Rowedder v. Anderson

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Justia Opinion Summary

In this real estate dispute, some of the defendants filed a motion for sanctions, alleging Defendant brought the action to harass, cause unnecessary delay, and needlessly increase the cost of litigation. The district court ordered sanctions against Plaintiff's counsel for $1,000. The court of appeals affirmed the sanctions, ordering them payable to the jury and witness fund. The Supreme Court affirmed in part and vacated in part the court of appeals, holding (1) the district court did not abuse its discretion in fixing the amount of the sanction at $1,000; (2) the court abused its discretion by ordering the sanction be paid to the jury and witness fund; and (3) given Rule 1.413(1)'s preference of compensating victims, the district court should enter an order requiring Plaintiff's counsel to pay the sanction in equal sums to the defendants who sought the sanction as partial reimbursement of the legal fees they incurred in defending against the unfounded claims brought against them. Remanded.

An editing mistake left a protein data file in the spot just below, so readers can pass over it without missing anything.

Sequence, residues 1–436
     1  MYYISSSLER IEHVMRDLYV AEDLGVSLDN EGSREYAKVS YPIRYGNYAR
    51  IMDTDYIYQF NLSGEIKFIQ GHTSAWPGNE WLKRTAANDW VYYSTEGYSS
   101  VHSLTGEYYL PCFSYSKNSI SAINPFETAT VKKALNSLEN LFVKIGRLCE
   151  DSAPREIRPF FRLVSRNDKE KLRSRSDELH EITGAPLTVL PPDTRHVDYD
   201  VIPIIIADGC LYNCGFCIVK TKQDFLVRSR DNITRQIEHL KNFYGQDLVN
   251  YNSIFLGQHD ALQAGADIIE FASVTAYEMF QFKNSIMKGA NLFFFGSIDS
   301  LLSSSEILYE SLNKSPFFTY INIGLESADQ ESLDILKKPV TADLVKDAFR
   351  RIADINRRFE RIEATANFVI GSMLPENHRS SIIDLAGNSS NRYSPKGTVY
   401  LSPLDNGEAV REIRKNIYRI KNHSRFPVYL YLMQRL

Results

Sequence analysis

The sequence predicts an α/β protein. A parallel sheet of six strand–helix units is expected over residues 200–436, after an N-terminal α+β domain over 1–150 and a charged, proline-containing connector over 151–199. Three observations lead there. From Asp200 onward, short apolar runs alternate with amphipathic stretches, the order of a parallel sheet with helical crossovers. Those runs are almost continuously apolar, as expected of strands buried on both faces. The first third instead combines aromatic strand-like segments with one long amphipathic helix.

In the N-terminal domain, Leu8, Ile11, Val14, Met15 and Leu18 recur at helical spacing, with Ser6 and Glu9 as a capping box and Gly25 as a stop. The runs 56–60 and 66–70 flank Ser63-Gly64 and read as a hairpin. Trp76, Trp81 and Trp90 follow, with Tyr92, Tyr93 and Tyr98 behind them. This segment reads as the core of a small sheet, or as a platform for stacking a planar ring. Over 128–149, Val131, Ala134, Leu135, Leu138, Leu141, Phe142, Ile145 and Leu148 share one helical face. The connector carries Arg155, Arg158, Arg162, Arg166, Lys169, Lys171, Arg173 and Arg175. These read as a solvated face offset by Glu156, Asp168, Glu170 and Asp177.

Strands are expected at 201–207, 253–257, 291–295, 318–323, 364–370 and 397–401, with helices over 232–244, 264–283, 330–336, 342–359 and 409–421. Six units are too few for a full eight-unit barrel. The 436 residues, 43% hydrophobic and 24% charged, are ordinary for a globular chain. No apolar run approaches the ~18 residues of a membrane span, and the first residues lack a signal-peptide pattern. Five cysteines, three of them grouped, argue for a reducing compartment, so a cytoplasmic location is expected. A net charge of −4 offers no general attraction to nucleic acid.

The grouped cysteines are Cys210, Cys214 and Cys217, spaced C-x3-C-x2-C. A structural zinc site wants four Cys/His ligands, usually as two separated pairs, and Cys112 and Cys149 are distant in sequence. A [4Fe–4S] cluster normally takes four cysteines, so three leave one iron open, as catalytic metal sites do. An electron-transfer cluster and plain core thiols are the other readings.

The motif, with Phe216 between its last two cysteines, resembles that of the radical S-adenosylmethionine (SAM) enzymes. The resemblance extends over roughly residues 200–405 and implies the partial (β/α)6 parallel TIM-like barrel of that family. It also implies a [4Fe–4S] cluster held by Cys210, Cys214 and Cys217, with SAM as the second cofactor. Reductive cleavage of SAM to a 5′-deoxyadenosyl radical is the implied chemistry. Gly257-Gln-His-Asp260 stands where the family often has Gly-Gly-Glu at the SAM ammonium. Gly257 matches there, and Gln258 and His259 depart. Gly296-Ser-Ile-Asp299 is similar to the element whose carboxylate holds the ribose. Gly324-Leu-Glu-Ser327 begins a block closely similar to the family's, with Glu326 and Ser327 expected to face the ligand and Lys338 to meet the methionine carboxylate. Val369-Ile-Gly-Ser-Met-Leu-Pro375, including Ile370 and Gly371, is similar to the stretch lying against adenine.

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IN THE SUPREME COURT OF IOWA No. 10 1172 Filed June 15, 2012 KRISTIN L. ROWEDDER, as Conservator of GARY KRAL, Appellee, vs. MICHAEL ANDERSON, RICHARD F. ROSENER, MARK HELKENN, RAYMOND HELKENN, McCORD INSURANCE & REAL ESTATE CORP., ROGER PREUL, and BERNEIL PREUL, Appellants, and COMSTOCK BROTHERS, MERRITT DANIEL COMSTOCK, GEARY STEVEN COMSTOCK, DOUGLAS E. COMSTOCK, and D.R. FRANCK, Defendants. On review from the Iowa Court of Appeals. Appeal from the Iowa District Court for Crawford County, Jeffrey P. Neary, Judge. Parties appeal an award of sanctions entered by the district court under Iowa Rule of Civil Procedure 1.413(1). COURT OF APPEALS DECISION AFFIRMED IN PART AND VACATED IN PART; DISTRICT COURT JUDGMENT AFFIRMED IN PART AND REVERSED IN PART; AND CASE REMANDED WITH INSTRUCTIONS. 2 Michael P. Jacobs of Rawlings, Nieland, Killinger, Ellwanger, Jacobs, Mohrhauser & Nelson, L.L.P., Sioux City, for appellant Rosener. Earl G. Greene, III, of Woodke & Gibbons, P.C., L.L.O., Omaha, Nebraska, for appellants Helkenns. Brandon R. Tomjack of Baird Holm, LLP, Omaha, Nebraska, for appellant Anderson. Sean A. Minahan, Patrick G. Vipon, and Gage R. Cobb of Lamson, Dugan & Murray, LLP, of Omaha, Nebraska, for appellants McCord Insurance and Preuls. Mark McCormick of Belin McCormick, P.C., Des Moines, Robert L. Laubenthal and Marvin O. Kieckhafer of Smith Peterson Law Firm, LLP, Council Bluffs, for appellee Rowedder. 3 WIGGINS, Justice. Parties seek further review of a court of appeals decision affirming a district court order awarding $1000 in sanctions against plaintiff s counsel and making the sanctions payable to the Crawford County Jury and Witness Fund. We conclude the trial court did not abuse its discretion in fixing the amount of the sanction. We also conclude, however, the court abused its discretion in making the sanction payable to the jury and witness fund. Given the preference in our rule toward compensating victims, on remand the district court should enter an order requiring the sanction be paid in equal parts to the parties seeking the sanctions. I. Background Facts and Proceedings. Between February 2004 and February 2005, Gary Kral, as the executor and sole heir of his father s estate, sold four forty-acre parcels of farmland located in Crawford County and owned by his father s estate to four different buyers. Kral worked with Roger and Berneil Preul of McCord Insurance and Real Estate Corporation to sell the parcels. Kral primarily communicated with Roger about his desire to sell the parcels. In order to avoid capital gains taxes, Kral demanded each parcel be sold for $2000 per acre, which was the value placed on the land in the probate estate. Michael Anderson purchased the first parcel in February 2004. Comstock Brothers, a partnership consisting of Merritt Daniel Comstock, Geary Steven Comstock, and Douglas Comstock, bought the second parcel in March. In May, Richard Rosener bought the third parcel. Finally, Raymond Helkenn purchased the fourth parcel in February 2005. All of the buyers paid $2000 per acre. 4 In August 2005, Kral met with attorney Bradley Nelson about evicting Helkenn s brother, Mark, who was living in one of Kral s rental properties. Nelson became concerned Kral lacked the mental ability to take care of his own financial matters. After examining Kral s bank records, Nelson discovered what he deemed to be suspicious checks totaling over $200,000 to certain individuals. Nelson became convinced these individuals were taking advantage of Kral. Nelson then petitioned the district court to establish a conservatorship for Kral, which Kral accepted voluntarily. The court appointed Kristin Rowedder, Nelson s office manager, as conservator for Kral in September 2005. In May 2006, Rowedder, as conservator for Kral, filed suit against Anderson, the Comstocks, the Helkenn brothers, the Preuls, and McCord Insurance. Robert Laubenthal served as the attorney on behalf of Rowedder and Kral. In that capacity, he signed and filed the petition as well as subsequent pleadings, motions, and resistances. The petition alleged the buyers, the Preuls, and their real estate company defrauded Kral by purchasing or facilitating the purchase of his land at extremely low prices, despite the fact that they knew or should have known that he was incompetent to conduct these transactions. The petition also alleged certain of the defendants 1 conspired to divest Kral of his assets through real estate purchases. Finally, it alleged the Preuls and their real estate company were professionally negligent and breached a fiduciary duty to Kral in facilitating the sales. The petition sought to rescind the sales and requested that the court establish a constructive trust on each property. 1The district court sustained motions to dismiss by various defendants, noting the petition was too vague, but later allowed Rowedder to recast the allegations. A recast petition alleged all of the defendants had participated in the conspiracy. 5 After discovery commenced, Rosener, the Comstocks, the Preuls, and McCord Insurance filed motions to compel discovery. These motions centered on Rowedder s answers to interrogatories relating to evidence of the alleged fraud and conspiracy. Rowedder s answers repeatedly indicated she could not provide the specifics of her allegations until after the completion of discovery. In December, the district court ordered Rowedder to answer all of the discovery requests by January 20, 2007, or be subject to sanctions. On January 23, Rowedder filed a motion seeking an extension of this deadline. Meanwhile, the Helkenns offered to sell their parcel back to Kral for the purchase price. After Rowedder refused, the Helkenns filed a motion for sanctions alleging Rowedder brought the action to harass, cause unnecessary delay, and needlessly increase the cost of litigation. The Comstocks, Rosener, and Anderson filed separate motions for summary judgment. Rowedder resisted each. Following a hearing, the district court entered summary judgments finding Rowedder had failed to show any facts supporting her allegations despite the court having given her several opportunities to do so. Rowedder later resisted separate motions for summary judgment filed by the Preuls, McCord Insurance, and the Helkenns. Nonetheless, the district court entered summary judgments. In January 2008, the Helkenns filed a request for a hearing on their previously filed motion for sanctions. Anderson, Rosener, and the Comstocks also filed motions for sanctions. Rowedder filed a notice of appeal. In February, the court stayed all of the motions before it pending the disposition of Rowedder s appeal. All of the defendants, except the Helkenns, moved to dismiss the appeal as to them, arguing Rowedder had not timely or properly 6 perfected an appeal. We dismissed Rowedder s appeal without comment with respect to Anderson, the Comstocks, and Rosener, thereby upholding the summary judgments in their favor. We transferred the balance of the appeal, which involved the claims against the Helkenns, the Preuls, and McCord Insurance, to the court of appeals. The court of appeals affirmed summary judgment in favor of the Helkenns, but reversed and remanded with respect to the claim of professional negligence against the Preuls and McCord Insurance. On remand, the district court held a trial on the professional negligence claims against the Preuls and McCord Insurance. A jury found they did not breach any fiduciary duty but were negligent in the sales to Rosener and Helkenn. The jury awarded damages of $15,400. Rowedder filed a motion for a new trial. The Preuls and McCord Insurance moved for a directed verdict and later for judgment notwithstanding the verdict or, alternatively, a new trial. The district court denied these motions. Meanwhile, following the dismissal of the appeal as to them, Rosener, Anderson, and the Helkenns renewed their motions for sanctions. These renewed motions asked the district court to sanction Rowedder and her attorneys. Rowedder resisted each motion. The district court ordered sanctions against Rowedder s attorney, Laubenthal. In doing so, the court found that although Laubenthal s actions were not willful, vindictive, or taken in bad faith, the evidence demonstrated the only actionable claims that ever existed were those against . . . McCord Insurance and Real Estate and the Preuls. The court noted Laubenthal did not have a prior history of sanctions. Further, the court stated it was presented with itemizations of attorney 7 fees incurred by the various parties seeking sanctions, but not with evidence of Laubenthal s ability to pay any sanctions imposed by the court. It also stated its belief that each party personally paid its own legal fees because it was not presented with any indication the parties had insurance coverage for their legal fees. The court assessed a sanction of $1000 and directed payment to the Crawford County Jury and Witness Fund. The court did not order sanctions against Rowedder. The Helkenns, Anderson, and Rosener filed notices of appeal. The Preuls and McCord Insurance appealed the negligence verdict. We transferred the case to the court of appeals. The court of appeals found sufficient evidence to support the jury verdict in favor of Rowedder and against the Preuls and McCord Insurance. The court rejected the arguments by Anderson, Rosener, and the Helkenns that the sanctions were too low and that the court should not have made the sanction payable to the jury and witness fund. Rosener and the Helkenns filed applications for further review, which we granted. II. Issues. The court of appeals determined the district court did not abuse its discretion by awarding sanctions for $1000. The court of appeals also determined the order requiring the sanctions be paid to the Crawford County Jury and Witness Fund was proper under Iowa Rule of Civil Procedure 1.413(1). Finally, the court of appeals found the district court correctly overruled the motions of the Preuls and McCord Insurance for a directed verdict and for judgment notwithstanding the verdict or, alternatively, for a new trial. When we grant further review, we have the discretion to review all or part of the issues raised on appeal or in the application for further review. In re Marriage of Becker, 756 N.W.2d 822, 8 824 (Iowa 2008). In exercising our discretion, we choose only to review the amount of the sanctions and whether the court can require the sanction be paid to the jury and witness fund. Accordingly, we will let the court of appeals determinations that the award of sanctions was not an abuse of discretion and the affirmance of the judgment against the Preuls and McCord Insurance stand as the final decisions of this court. See Hills Bank & Trust Co. v. Converse, 772 N.W.2d 764, 770 (Iowa 2009). III. Standard of Review. We review a district court s order imposing sanctions under our rules of civil procedure for an abuse of discretion. Everly v. Knoxville Cmty. Sch. Dist., 774 N.W.2d 488, 492 (Iowa 2009). An abuse of discretion occurs when the district court exercises its discretion on grounds or for reasons clearly untenable or to an extent clearly unreasonable. Schettler v. Iowa Dist. Ct., 509 N.W.2d 459, 464 (Iowa 1993). An erroneous application of the law is clearly untenable. Waits v. United Fire & Cas. Co., 572 N.W.2d 565, 569 (Iowa 1997). When we review for an abuse of discretion, we will correct an erroneous application of the law. Weigel v. Weigel, 467 N.W.2d 277, 280 (Iowa 1991). IV. The Amount of the Sanction. The Iowa Rules of Civil Procedure provide in relevant part: If a motion, pleading, or other paper is signed in violation of this rule, the court, upon motion or upon its own initiative, shall impose upon the person who signed it, a represented party, or both, an appropriate sanction, which may include an order to pay the other party or parties the amount of the reasonable expenses incurred because of the filing of the motion, pleading, or other paper, including a reasonable attorney fee. Iowa R. Civ. P. 1.413(1). 9 The primary purpose deterrence, not compensation. of sanctions under rule 1.413(1) is Barnhill v. Iowa Dist. Ct., 765 N.W.2d 267, 276 (Iowa 2009). Under the American Rule, the losing litigant does not normally pay the victor s attorney s fees. Alyeska Pipeline Serv. Co. v. Wilderness Soc y, 421 U.S. 240, 247, 95 S. Ct. 1612, 1616, 44 L. Ed. 2d 141, 147 (1975). Therefore, any sanction or shifting of fees and costs which is made, need not reflect actual expenditures. United States ex rel. Evergreen Pipeline Constr. Co. v. Merritt Meridian Constr. Corp., 95 F.3d 153, 171 (2d Cir. 1996). We have dealt with the amount of a sanction under rule 1.413(1) on several occasions. In one case, we found the failure to impose a sanction to be an abuse of discretion. See Breitbach v. Christenson, 541 N.W.2d 840, 845 46 (Iowa 1995). In another, our most recent case involving the award of sanctions, we found the district court abused its discretion because the sanction included fees expended prior to the sanctionable conduct. See Everly, 774 N.W.2d at 495. There, we required the district court to determine the appropriate amount of a sanction after making specific findings as to (1) the reasonableness of the opposing party s attorney s fees; (2) the minimum to deter; (3) the ability to pay; and (4) factors related to the severity of the . . . violation. Barnhill, 765 N.W.2d at 277 (quoting In re Kunstler, 914 F.2d 505, 523 (4th Cir. 1990)); accord Everly, 774 N.W.2d at 495. In addition to these four factors, we have encouraged district courts to consider factors set forth by the American Bar Association. 2 See Barnhill, 765 N.W.2d at 277. 2These factors include (1) the good or bad faith of the offending party; (2) the degree of willfulness, vindictiveness, negligence, or frivolousness involved in the offense; (3) the offending party s knowledge, experience, and expertise; (4) the offending party s 10 In making its ruling, the district court attempted to make the specific findings of fact as required by Everly. The court noted that the parties presented it with itemizations of attorney fees incurred by the parties seeking sanctions, that the parties did not present it with any indication of the parties insurance coverage for their legal fees, and that it was left with the impression that each party who sought sanctions personally paid their legal fees. 3 The court, however, failed to make a specific finding as to the reasonableness of the fees. Further, the court made a finding as to the minimum amount to deter. It found that the mere imposition of sanctions has in and of itself an impact of significance deterrence upon the person upon which the sanctions are imposed. . . . [T]he court is satisfied ________________________ prior history of sanctionable conduct; (5) the reasonableness and necessity of the outof-pocket expenses the offended party incurred as a result of the misconduct; (6) the nature and extent of prejudice suffered by the offended party as a result of the misconduct, not including out-of-pocket expenses; (7) the relative culpability of the client and his or her counsel, and the impact an inquiry into their relative culpability would have on their privileged relationship; (8) the risk of chilling the specific type of litigation involved; (9) the impact the sanction would have on the offending party, including the offending party s ability to pay a monetary sanction; (10) the impact the sanction would have on the offended party, included the offended party s need for compensation; (11) the relative magnitude of the sanction necessary to achieve the sanction s goals; (12) any burdens on the court system attributable to the misconduct, including the consumption of judicial time, incurrence of juror fees, and other court costs; (13) the degree to which the offended party attempted to mitigate any prejudice he or she suffered; (14) the degree to which the offended party s behavior caused the expenses for which recovery is sought; (15) the extent to which the offending party persisted in advancing a position while on notice that the position was not well grounded in fact, warranted by existing law, or warranted by a good faith argument for the extension, modification, or reversal of existing law; and (16) the time of, and the circumstances surrounding, any voluntary withdrawal of a pleading, motion, or other paper. Barnhill v. Iowa Dist. Ct., 765 N.W.2d 267, 276 77 (Iowa 2009); ABA Section of Litigation, Standards and Guidelines for Practice Under Rule 11 of the Federal Rules of Civil Procedure (1988), reprinted in 121 F.R.D. 101, 125 26 (1988). The fact that an opposing party s attorney fees are paid by an insurance coverage will not defeat a party s claim for sanctions. Pelletier v. Zweifel, 987 F.2d 716, 718 (11th Cir. 1993). 3 11 that a court-ordered sanction of $1,000 along with the stigma attached to the mere imposition of sanctions is [a] sufficient sanction [to deter future conduct]. As to the ability to pay, the court stated it could not make a finding as to the ability of Laubenthal to pay a sanction because the court did not have any evidence as to Laubenthal s financial situation. We agree with the district court that the record is devoid of any evidence that would allow the court to make a finding as to Laubenthal s ability to pay. Finally, the court made specific findings as to the severity of the violation. In this regard, the court found Laubenthal did not take his actions in bad faith. The court also found his actions were not vindictive or willful insofar as to suggest he acted with evil intent. The court further found Laubenthal did not have a prior history of court-imposed sanctions. We realize the district court erred by not making a specific finding as to the reasonableness of the opposing parties attorneys fees. Additionally, the record did not contain any evidence as to Laubenthal s ability to pay. It was Laubenthal s obligation to set forth evidence of his ability to pay. Kunstler, 914 F.2d at 524. By not producing evidence of his ability to pay, Laubenthal took the risk that he would not have the ability to pay. However, even with these deficiencies, the district court did not abuse its discretion in fixing the amount of the sanction. Deterrence is the primary goal of sanctions, not compensation of the opposing party. The district court went to great length to make a detailed finding that a $1000 sanction is sufficient to deter any future conduct regardless of the opposing parties attorneys fees. Therefore, under the record made, we find the district court did not abuse its discretion in awarding a $1000 sanction. Consequently, we affirm the district court s award of $1000 as the proper sanction. 12 V. Who Should Receive the Sanction Payment? The district court directed Laubenthal to pay the sanction to the Crawford County Jury and Witness Fund rather than to the parties seeking sanctions. It is true that rule 1.413(1) does not require that sanctions be paid to the opposing parties. The rule merely provides that the court . . . shall impose . . . an appropriate sanction, which may include an order to pay the other party or parties the amount of the reasonable expenses incurred because of the filing of the motion, pleading, or other paper, including a reasonable attorney fee. Iowa R. Civ. P. 1.413(1). Accordingly, while the rule states the court shall impose an appropriate sanction for any violation of the rule, the proceeds of that sanction may be allocated at the court s discretion. Id. However, rule 1.413(1) does not specifically name any particular authorized recipient other than the offended party. This is different from Federal Rule of Civil Procedure 11, which, after it was amended in 1993, directs payment of a penalty into court as the first potential destination for sanction proceeds. Fed. R. Civ. P. 11(c)(4). Rule 11 also allows, payment to the movant of part or all of the reasonable attorney s fees and other expenses directly resulting from the violation but only if specifically requested in a motion and warranted by the situation. 4 Id. 4The 1993 amendments to Rule 11 consciously elevated the primacy of deterrence and significantly demoted concerns about victim compensation, thereby giving preference to the courts as the recipient of sanction proceeds: Since the purpose of Rule 11 sanctions is to deter rather than to compensate, the rule provides that, if a monetary sanction is imposed, it should ordinarily be paid into court as a penalty. Fed. R. Civ. P. 11 advisory committee s notes to 1993 amendments. However, federal courts have held compensation of wronged parties remains a valid subordinate purpose that supports the primary goal of deterrence. For example, the Sixth Circuit stated, [I]t is . . . clear that effective deterrence sometimes requires compensating the victim for attorney fees arising from abusive litigation. Rentz v. Dynasty Apparel Indus., Inc., 556 F.3d 389, 400 (6th Cir. 2009). Therefore, even if victim compensation is not considered a stand-alone purpose equivalent to deterrence, it will sometimes be necessary if deterrence is to be fully achieved. If compensation 13 Our rule 1.413(1) makes victim compensation a more prominent concern than Rule 11 because it allows offended parties to be partially or completely reimbursed either upon motion or upon [the court s] own initiative. Id. There are strong reasons for first directing sanctions to the injured parties. First, as we have noted, the reasonable expectation that parties will be the beneficiaries of sanctions should they prevail provides some of the incentive needed to motivate those parties to invest the time and money necessary to pursue legitimate sanction claims. If injured parties do not expect even to recoup the cost of their additional sanction filings, some may not be willing or financially able to file motions for sanctions. This would not only compound the personal injustice that they have already suffered, but it could undermine the integrity of our judicial system by diminishing the deterrent effect of sanctions. Accordingly, because the primary goal of rule 1.413(1) is deterrence, the primary goal is best achieved in most circumstances if sanctions are first allocated to the victims who made the investment to pursue them. 5 Second, under Iowa law, although deterrence is clearly the primary goal of rule 1.413(1), the rule serves other purposes, such as maintaining professionalism in the practice of law. Barnhill, 765 N.W.2d at 273. Perhaps the most important secondary purpose is partial compensation of the victims. See id. at 276. Of course, victim compensation must ________________________ was not a recognizable basis for Rule 11 awards, aggrieved litigants would have little incentive to pursue sanctions thus diminishing the important deterrent effect of Rule 11. Brandt v. Schal Assocs., Inc., 960 F.2d 640, 646 (7th Cir. 1992). 5The Federal Rules also recognize that sometimes deterrence may be ineffective unless the sanction not only requires the person violating the rule to make a monetary payment, but also directs that some or all of this payment be made to those injured by the violation. Fed. R. Civ. P. 11 advisory committee s notes to 1993 amendments. 14 clearly defer to deterrence when it comes to setting the amount of a sanction. See id. ( A sanction . . . must be limited to what suffices to deter repetition of such conduct. (quoting Fed. R. Civ. P. 11(c)(4))). Nonetheless, courts should accommodate the secondary purpose of compensation when considering the allocation of the proceeds of a sanction. We do not now define the precise standards for choosing between parties and the judicial system, but given the strong arguments in favor of victim compensation, we would expect courts to provide special reasons with specific findings as to why they exercised their discretion not to benefit those who have been most directly harmed by the sanctionable conduct. One valid reason for allocating sanctions to the judicial system would be the fact that the minimum sanction necessary for deterrence actually exceeded the costs to the harmed litigants. In such a case, the excess should be paid to the judicial system so that parties do not receive a windfall and so that the system can be partially reimbursed for the unnecessary costs it incurred. Therefore, we find the district court s order requiring Laubenthal to pay the sanction to the Crawford County Jury and Witness Fund without a specific finding as to why it should be paid to the jury and witness fund unreasonable in light of the preference in rule 1.413(1) to award the sanction to the party seeking it. Consequently, the court abused its discretion when it ordered Laubenthal to pay the sanction to the Crawford County Jury and Witness Fund. VI. Disposition. Although we find, under the record made, the district court did not abuse its discretion in fixing the amount of the sanction at $1000, the court abused its discretion by ordering Laubenthal to pay the sanction to 15 the Crawford County Jury and Witness Fund. Given rule 1.413(1) s preference of compensating victims, we hold the district court should enter an order requiring Laubenthal to pay the sanction in equal sums to defendants Anderson, Rosener, and the Helkenns as partial reimbursement of the legal fees they incurred in defending against the unfounded claims brought against them. We assess the costs of this appeal against Laubenthal. COURT OF APPEALS DECISION AFFIRMED IN PART AND VACATED IN PART; DISTRICT COURT JUDGMENT AFFIRMED IN PART AND REVERSED IN PART; AND CASE REMANDED WITH INSTRUCTIONS. All justices concur except Waterman, J., who concurs in part and dissents in part, and Mansfield, J., who takes no part. 16 #10 1172, Rowedder v. Anderson WATERMAN, Justice (concurring in part and dissenting in part). I respectfully concur in part and dissent in part. I agree with the majority s affirmance of the district court s findings that attorney Laubenthal violated Iowa Rule of Civil Procedure 1.413(1) and that the imposition of sanctions is warranted. And, I agree with the majority that the district court, under the circumstances of this case, abused its discretion by directing payment of the monetary sanction into the Crawford County Jury and Witness Fund rather than to the victims. I must dissent, however, on the amount of the sanction, $1000, which in this context is so low as to constitute another abuse of discretion. Citing Barnhill v. Iowa District Court, 765 N.W.2d 267, 276 (Iowa 2009), the majority correctly recognizes the primary purpose of sanctions under rule 1.413(1) is deterrence, not compensation. But, victim compensation remains a subsidiary goal of the rule, as the majority also acknowledges. See Barnhill, 765 N.W.2d at 279 ( [A] $25,000 sanction is appropriate both to deter Barnhill (and other attorneys) from similar conduct in the future and to partly compensate [the victim] for expenses incurred. ). Neither goal is served by this slap on the wrist. The victims in this case incurred fees totaling $63,926 defending the frivolous claims through appeal. challenge the reasonableness of those fees. Laubenthal did not Those fees are a factor to determine the appropriate amount of a monetary sanction. Id. at 276 77. Curiously, the majority cites Barnhill for other propositions without noting the $25,000 sanction we so recently approved in that case for analogous misconduct. It is difficult to understand how a sanction of one sixty-fourth of the victims expenses sends the right message here. 17 The majority opinion gives short shrift to the underlying facts warranting sanctions. The victims were forced to spend several years defending the fraud and conspiracy claims found so meritless as to be sanctionable. Laubenthal continued to litigate those claims despite lacking evidence or caselaw to support them. He vigorously resisted the victims motions for summary judgment, even though he could not back up his client s claims after conducting discovery. Summary judgment is not a dress rehearsal or practice run; it is the put up or shut up moment in a lawsuit, when a party must show what evidence it has that would convince a trier of fact to accept its version of the events. Hammel v. Eau Galle Cheese Factory, 407 F.3d 852, 859 (7th Cir. 2005) (citation and internal quotation marks omitted). Today s majority fails to mention the criticism by Judge Jacobson, who granted summary judgment against Laubenthal s client: At the time they were served, interrogatories and requests for production of documents many months ago, Plaintiffs apparently had no evidence to support the allegations in the petition against these defendants. Despite a motion to compel, the plaintiffs still were not able to produce any such evidence. After the court s order of December 21, 2006, the plaintiffs were unable to produce any such evidence. When asked directly at both the January 29 hearing and the February 23 hearing, Where is your evidence? Neither of plaintiffs attorneys were able to provide any whatsoever. .... Plaintiffs have not only been challenged to produce evidence of such a tort by the court s rulings, but have been challenged to do so in open court, in the court s chambers, at least three times. The court cannot help but believe if this evidence existed, the court would have seen it by now. Laubenthal did not stop there. evidence to support these claims. He appealed despite the lack of The court of appeals, in affirming summary judgment, noted plaintiff points us to no case law identifying 18 similar conduct as actionable. Rowedder v. Helkenn, No. 08 0117, 2009 WL 1492558, at *7 (Iowa Ct. App. 2009). Rule 1.413 allows ample room for creativity and fight[ing] uphill battles. Barnhill, 765 N.W.2d at 279. Laubenthal, however, crossed the line between zealous advocacy and frivolous claims. Id. This record warrants a sanction much larger than $1000, particularly given the considerable amount of scarce judicial resources needlessly spent on these frivolous claims. See id. at 273 (noting that, by deterring frivolous lawsuits, sanctions avoid the general cost to the judicial system in terms of wasted time and money ). The district court, with the apparent approval of today s majority, justified the low amount by noting the accompanying stigma of courtordered sanctions. Stigma will accompany every judicial finding sanctioning an attorney, and any court-ordered sanction would be an anathema to most Iowa lawyers. proposition that a low-dollar Yet no authority is cited for the sanction can be justified by the accompanying stigma. Stigma is not one of the sixteen factors in the American Bar Association guidelines or the four Kunstler factors we encouraged courts to apply in Barnhill. Id. at 276 77 (citing In re Kunstler, 914 F.2d 505, 523 (4th Cir. 1990); ABA Section of Litigation, Standards and Guidelines for Practice Under Rule 11 of the Federal Rules of Civil Procedure (1988), reprinted in 121 F.R.D. 101, 125 26 (1988)). Nor is the stigma of a sanction mentioned as a factor to consider in setting the dollar amount in any of the numerous cases applying the Federal Rule of Civil Procedure 11, the counterpart to our rule 1.413(1). Laubenthal made no record that the stigma of this sanction would impact his practice. No substantial evidence in the record supports a finding that stigma enhanced his sanction. Accordingly, the district court misapplied the law by relying on stigma to justify the low amount. 19 This misapplication of the law is an abuse of discretion. Everly v. Knoxville Cmty. Sch. Dist., 774 N.W.2d 488, 492 (Iowa 2009) ( Although our review is for an abuse of discretion, we will correct erroneous applications of law. ). More importantly, the $1000 sanction is a small downside to the large upside Laubenthal apparently saw in this case when he agreed to a one-third contingent fee for all recoveries in a written agreement acknowledging [i]n excess of $200,000 has been fraudulently obtained. The tension between fear and greed regulates much human behavior, including tax compliance and hardball litigation. What is the deterrent effect of a $1000 sanction when the lawyer anticipates a potential fee over sixty times that amount? See Barnhill, 765 N.W.2d at 278 (noting a larger sanction needed for deterrence in cases where there is a potential for a hefty settlement ). Notably, Laubenthal offered no evidence of an inability to pay a larger sanction. Cf. id. at 277 (affirming $25,000 sanction despite Barnhill s statement a large sanction will put [my firm] out of business ). In Barnhill, we approvingly quoted federal appellate precedent concluding de minimis sanctions are simply inadequate to deter Rule 11 violations. Id. at 276 (quoting Rentz v. Dynasty Apparel Indus., Inc., 556 F.3d 389, 400 02 (6th Cir. 2009) (reversing $2500 sanction as so low as to be an abuse of discretion)). We specifically concluded a sanction of less than $25,000 against Barnhill would be insufficient to deter repetition of such conduct or comparable conduct by others similarly situated. Id. at 278 (quoting Fed. R. Civ. P. 11(c)(4)). We noted in Rentz that the Sixth Circuit determined a $2,500 sanction was not sufficient to deter where defendants incurred nearly $30,000 in attorneys fees due to sanctionable conduct. Id. (citing Rentz, 556 F.3d 20 at 402). Yet, three years later the majority now concludes a $1000 sanction is sufficient despite victim fees exceeding $63,000. Today s majority pays lip service to the primary goal of our rule deterrence while approving a de minimis sanction. In Barnhill, we noted the twin purposes of compensation and deterrence set forth in our case law were served by the sanction of $25,000 when that victim s fees were $148,596. Id. at 277. Applying the same one-to-six ratio here warrants a sanction of $10,500. The Eighth Circuit affirmed a $25,000 sanction imposed sua sponte by Chief Judge Pratt, noting it was approximately three-fourths the victim s fees and expenses. MHC Inv. Co. v. Racom Corp., 323 F.3d 620, 621, 627 28 (8th Cir. 2003). That case involved similar misconduct, sanctioning counsel who persisted in asserting claims and defenses which were not justifiable either in law or in fact. Id. at 626. As here, the sanctioned attorneys had previously unblemished records and impressive credentials. As here, the district court found the counsel in Racom Corp. violated the rule by continuing to litigate claims and defenses discovery revealed to be meritless. Id. But, unlike here, the sanction upheld in Racom was calibrated to send the right message. I would reverse the $1000 amount of the sanction and remand for the district court to enter a sanction of at least $10,000 payable to the victims in equal parts.